Commercial Breeding and Trade

Commercial Breeding and Trade

Puppies and kittens bred in poor conditions can experience certain health problems. If puppies and kittens are bred in poor conditions, they may also not be given enough experience of different environments, people or other animals to allow them to develop into confident adult animals. When dogs develop fear–related behaviour problems, this can be a long term threat to their welfare as well as being a problem for owners and one of the top reasons for animals being handed over to a rehoming organisation.

Adult breeding dogs which have been removed from commercial breeding establishments and rehomed as pets have also been reported to have health and behaviour problems.

Another concern is the effect of selective breeding practices on the welfare of dog and cat breeds. Different breeds have been bred separately from each other for many years, and for a dog or a cat to be registered as a pedigree animal, both of its parents must be registered members of the same breed. The lack of genetic diversity which this creates within breeds can lead to high incidences of specific inherited conditions in certain breeds, such as cancer or epilepsy.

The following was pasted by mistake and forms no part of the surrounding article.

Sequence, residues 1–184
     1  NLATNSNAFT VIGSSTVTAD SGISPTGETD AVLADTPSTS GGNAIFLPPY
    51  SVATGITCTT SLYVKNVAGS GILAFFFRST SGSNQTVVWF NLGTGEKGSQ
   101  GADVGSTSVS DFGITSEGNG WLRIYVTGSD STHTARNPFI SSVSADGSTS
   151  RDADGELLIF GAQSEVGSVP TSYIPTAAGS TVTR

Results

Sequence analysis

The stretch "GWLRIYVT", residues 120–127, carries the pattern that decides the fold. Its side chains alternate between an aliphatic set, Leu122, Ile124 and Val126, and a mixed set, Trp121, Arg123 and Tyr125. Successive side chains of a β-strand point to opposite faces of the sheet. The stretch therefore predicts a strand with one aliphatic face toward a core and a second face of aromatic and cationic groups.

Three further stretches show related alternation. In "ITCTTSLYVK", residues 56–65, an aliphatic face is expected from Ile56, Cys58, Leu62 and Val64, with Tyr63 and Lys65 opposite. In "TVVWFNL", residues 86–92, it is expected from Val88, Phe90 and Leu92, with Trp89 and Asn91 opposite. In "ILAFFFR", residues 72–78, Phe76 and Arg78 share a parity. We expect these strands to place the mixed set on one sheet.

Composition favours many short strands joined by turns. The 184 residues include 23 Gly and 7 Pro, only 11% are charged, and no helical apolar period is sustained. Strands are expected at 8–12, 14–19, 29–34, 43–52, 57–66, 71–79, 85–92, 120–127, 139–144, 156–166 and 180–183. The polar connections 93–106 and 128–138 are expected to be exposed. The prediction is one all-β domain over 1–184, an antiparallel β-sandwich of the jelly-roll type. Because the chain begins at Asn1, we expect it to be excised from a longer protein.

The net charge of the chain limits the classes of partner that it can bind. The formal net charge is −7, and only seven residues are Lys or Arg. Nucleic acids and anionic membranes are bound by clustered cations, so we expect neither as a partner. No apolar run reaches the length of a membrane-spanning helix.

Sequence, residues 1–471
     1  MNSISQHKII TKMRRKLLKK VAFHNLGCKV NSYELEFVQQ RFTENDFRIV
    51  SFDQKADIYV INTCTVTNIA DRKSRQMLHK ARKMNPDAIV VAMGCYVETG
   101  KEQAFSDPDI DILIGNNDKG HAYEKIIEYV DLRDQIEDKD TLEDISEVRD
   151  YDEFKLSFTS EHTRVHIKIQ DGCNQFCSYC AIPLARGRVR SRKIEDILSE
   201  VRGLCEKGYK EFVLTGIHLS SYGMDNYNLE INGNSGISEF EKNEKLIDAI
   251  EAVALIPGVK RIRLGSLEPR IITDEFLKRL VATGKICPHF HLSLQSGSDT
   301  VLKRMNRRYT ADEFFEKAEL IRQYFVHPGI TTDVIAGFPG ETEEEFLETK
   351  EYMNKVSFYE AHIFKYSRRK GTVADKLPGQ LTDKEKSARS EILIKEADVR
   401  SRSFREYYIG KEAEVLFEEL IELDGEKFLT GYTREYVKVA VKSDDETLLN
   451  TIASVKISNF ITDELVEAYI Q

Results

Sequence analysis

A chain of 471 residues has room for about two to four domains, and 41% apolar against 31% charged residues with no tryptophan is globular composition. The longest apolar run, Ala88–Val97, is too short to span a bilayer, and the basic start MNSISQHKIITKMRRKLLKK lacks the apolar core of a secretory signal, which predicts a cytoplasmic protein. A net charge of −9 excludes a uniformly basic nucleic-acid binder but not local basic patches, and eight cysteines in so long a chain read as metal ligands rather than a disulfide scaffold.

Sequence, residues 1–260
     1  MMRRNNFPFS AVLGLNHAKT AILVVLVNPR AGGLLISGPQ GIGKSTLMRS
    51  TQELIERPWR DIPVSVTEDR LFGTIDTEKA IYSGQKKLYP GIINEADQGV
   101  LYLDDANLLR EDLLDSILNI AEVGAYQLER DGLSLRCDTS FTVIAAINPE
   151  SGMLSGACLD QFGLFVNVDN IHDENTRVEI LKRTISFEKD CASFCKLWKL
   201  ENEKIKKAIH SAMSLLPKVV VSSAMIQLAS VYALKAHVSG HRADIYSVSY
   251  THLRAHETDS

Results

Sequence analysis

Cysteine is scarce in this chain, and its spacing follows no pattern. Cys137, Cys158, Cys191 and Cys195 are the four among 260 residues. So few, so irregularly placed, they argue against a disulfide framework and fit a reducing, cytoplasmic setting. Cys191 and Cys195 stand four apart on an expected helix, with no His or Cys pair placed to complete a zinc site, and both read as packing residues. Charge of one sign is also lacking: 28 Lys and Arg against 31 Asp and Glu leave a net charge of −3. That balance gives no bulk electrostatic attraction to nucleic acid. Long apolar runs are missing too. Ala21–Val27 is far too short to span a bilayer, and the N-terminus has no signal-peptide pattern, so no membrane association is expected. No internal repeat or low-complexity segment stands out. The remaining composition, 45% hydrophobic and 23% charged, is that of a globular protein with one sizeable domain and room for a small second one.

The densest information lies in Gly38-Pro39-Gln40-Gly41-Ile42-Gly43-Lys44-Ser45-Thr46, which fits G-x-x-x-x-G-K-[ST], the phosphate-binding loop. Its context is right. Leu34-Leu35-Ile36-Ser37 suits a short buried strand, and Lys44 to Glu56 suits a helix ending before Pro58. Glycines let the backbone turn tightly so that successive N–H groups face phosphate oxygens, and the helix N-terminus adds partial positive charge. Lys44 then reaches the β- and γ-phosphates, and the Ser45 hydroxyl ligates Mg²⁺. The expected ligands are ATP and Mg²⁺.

Dog and cat breeds may also bred to have specific, often exaggerated body shapes. Extreme physical features, such as very flat faces or very wrinkled skin, can be associated with welfare issues such as breathing difficulties or skin conditions.

As it is currently left to Member States to legislate on the breeding and trade of dogs and cats, this means that national requirements, and their enforcement, can vary across the EU.

We are calling for:

  • EU legislation requiring the compulsory permanent identification and registration of dogs and cats on an appropriate database, which is linked to an EU database. This would allow traceability to help protect animal health and welfare, public health and improve consumer protection.
  • EU legislation requiring the licensing of dog and cat breeders by Member States. This would improve the functioning of the EU internal market by ensuring minimum standards across all Member States, as well as improving animal welfare and ensuring consumer protection.